The Mueller report isn’t the final word, Trump’s stonewalling notwithstanding.
“THERE IS no reason to go any further, and especially in Congress,” President Trump told Post reporters Tuesday, explaining why he was preparing to stonewall congressional requests for administration documents and testimony, possibly by invoking executive privilege. “We’re fighting all the subpoenas,” Trump said on Wednesday. “These aren’t like impartial people.”
If that were the standard, then Congress could never investigate anything. Mr. Trump’s Republican colleagues must remember the battles they fought with President Barack Obama over transparency only a few years ago when they ran the House. Mr. Obama asserted executive privilege to prevent then-Attorney General Eric H. Holder Jr. from turning over documents on the “Fast and Furious” gun-running scheme. Republicans held Mr. Holder in contempt of Congress.
As we said at the time, “No doubt a lot of congressional investigations are partisan fishing expeditions. For better or worse, that comes with the democratic territory. Absent very strong countervailing considerations — stronger than some of those the administration has asserted in this case — Congress is generally entitled to disclosure.” Democrats, too, are entitled to disclosure, particularly as they ask weighty questions about the potentially severe abuse of power in the top reaches of the White House.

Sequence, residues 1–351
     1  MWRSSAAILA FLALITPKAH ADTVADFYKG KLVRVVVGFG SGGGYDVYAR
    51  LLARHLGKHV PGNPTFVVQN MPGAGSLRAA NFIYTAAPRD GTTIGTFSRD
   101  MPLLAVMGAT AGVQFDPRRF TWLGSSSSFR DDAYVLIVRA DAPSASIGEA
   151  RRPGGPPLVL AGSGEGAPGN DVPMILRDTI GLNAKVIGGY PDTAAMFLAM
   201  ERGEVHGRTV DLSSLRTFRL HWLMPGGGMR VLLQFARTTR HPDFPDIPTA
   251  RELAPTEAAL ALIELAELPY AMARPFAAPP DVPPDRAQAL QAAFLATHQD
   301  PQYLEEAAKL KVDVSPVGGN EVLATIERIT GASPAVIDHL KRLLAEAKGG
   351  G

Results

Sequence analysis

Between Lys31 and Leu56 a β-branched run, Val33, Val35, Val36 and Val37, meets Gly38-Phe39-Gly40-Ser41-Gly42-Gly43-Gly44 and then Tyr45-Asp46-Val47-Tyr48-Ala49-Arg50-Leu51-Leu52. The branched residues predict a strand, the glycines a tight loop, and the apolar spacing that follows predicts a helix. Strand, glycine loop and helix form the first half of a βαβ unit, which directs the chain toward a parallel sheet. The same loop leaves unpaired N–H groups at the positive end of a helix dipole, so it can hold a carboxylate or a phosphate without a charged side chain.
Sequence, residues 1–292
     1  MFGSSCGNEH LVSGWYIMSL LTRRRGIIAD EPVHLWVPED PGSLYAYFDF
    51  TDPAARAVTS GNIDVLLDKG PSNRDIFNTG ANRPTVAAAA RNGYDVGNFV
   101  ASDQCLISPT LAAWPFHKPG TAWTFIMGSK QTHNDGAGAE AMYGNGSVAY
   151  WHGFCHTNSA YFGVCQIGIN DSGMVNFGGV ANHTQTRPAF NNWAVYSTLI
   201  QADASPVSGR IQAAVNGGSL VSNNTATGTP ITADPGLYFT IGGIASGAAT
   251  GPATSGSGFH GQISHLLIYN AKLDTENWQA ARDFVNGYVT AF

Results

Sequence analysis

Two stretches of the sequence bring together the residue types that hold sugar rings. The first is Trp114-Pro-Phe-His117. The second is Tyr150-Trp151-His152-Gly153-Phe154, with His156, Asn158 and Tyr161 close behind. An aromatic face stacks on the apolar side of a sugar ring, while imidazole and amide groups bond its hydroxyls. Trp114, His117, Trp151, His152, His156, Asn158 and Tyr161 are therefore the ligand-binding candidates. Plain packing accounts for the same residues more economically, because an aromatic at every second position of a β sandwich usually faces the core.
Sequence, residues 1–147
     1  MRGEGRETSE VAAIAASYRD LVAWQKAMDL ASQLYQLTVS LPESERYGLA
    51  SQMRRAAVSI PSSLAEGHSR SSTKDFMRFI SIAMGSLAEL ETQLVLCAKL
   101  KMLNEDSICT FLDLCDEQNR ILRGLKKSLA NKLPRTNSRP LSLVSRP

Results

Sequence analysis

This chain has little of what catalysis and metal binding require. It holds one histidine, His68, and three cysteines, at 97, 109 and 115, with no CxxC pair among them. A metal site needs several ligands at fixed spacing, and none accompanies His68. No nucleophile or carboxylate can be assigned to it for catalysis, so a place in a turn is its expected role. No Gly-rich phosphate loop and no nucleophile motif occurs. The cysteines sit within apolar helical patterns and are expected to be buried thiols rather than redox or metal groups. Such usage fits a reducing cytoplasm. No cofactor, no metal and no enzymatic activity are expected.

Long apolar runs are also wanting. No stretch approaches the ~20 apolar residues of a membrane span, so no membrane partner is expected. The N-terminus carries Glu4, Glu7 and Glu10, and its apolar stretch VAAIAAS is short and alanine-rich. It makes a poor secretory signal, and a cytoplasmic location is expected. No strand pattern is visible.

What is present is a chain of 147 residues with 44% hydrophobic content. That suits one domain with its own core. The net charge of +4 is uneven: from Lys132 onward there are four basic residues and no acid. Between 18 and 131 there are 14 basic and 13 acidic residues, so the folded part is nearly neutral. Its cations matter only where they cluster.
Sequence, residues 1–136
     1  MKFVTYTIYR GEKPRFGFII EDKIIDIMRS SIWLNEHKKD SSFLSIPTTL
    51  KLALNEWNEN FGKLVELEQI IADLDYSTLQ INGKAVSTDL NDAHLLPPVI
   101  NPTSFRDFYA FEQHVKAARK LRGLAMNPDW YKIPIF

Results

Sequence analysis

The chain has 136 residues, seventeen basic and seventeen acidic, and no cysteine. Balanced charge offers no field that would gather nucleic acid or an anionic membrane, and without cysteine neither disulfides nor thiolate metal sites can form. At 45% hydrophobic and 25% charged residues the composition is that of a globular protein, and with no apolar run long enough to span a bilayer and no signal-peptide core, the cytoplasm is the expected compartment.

Mr. Trump’s own words reveal that he is motivated not by any specific concern about protecting presidential decision-making or some other crucial executive-branch function — but by concealing anything that might land him in political jeopardy. Courts have said little on the limits of executive privilege, but judges have been skeptical that the president has a generalized interest in secrecy that outweighs legitimate investigative inquiries. Given Mr. Trump himself admits that much of the information his aides might disclose has already been revealed in special counsel Robert S. Mueller III’s investigation, the president appears mostly interested in avoiding a public spectacle. That is not the purpose of executive privilege.
Even so, administration officials say they will fight a congressional subpoena of former White House counsel Donald McGahn, whose testimony to Mr. Mueller proved damning for the president in the special counsel’s report. Mr. McGahn insisted that Mr. Trump told him to fire Mr. Mueller. The former White House counsel also said the president told him to deny that the episode ever occurred after reporters publicized that Mr. Trump had tried to meddle in an investigation into his own possible obstruction of justice. This episode could easily form the basis of an impeachment inquiry; it is well within the House Judiciary Committee’s right to insist on conducting its own follow-up questioning after the Mueller report’s release.
The story is similar on the House Oversight Committee’s desire to question a White House official involved in issuing security clearances, allegedly to people who should not have them. It is in the public’s interest for lawmakers to determine whether administration officials cut corners to hand out security clearances, possibly endangering national security.
In the past, the executive branch and Congress generally struck deals to avoid direct confrontations on executive secrecy. But Mr. Trump seems unlikely to ditch his pugnacious attitude. If and when courts consider the situation, they will find a president unreasonably hostile to Congress’s legitimate interest in gathering information.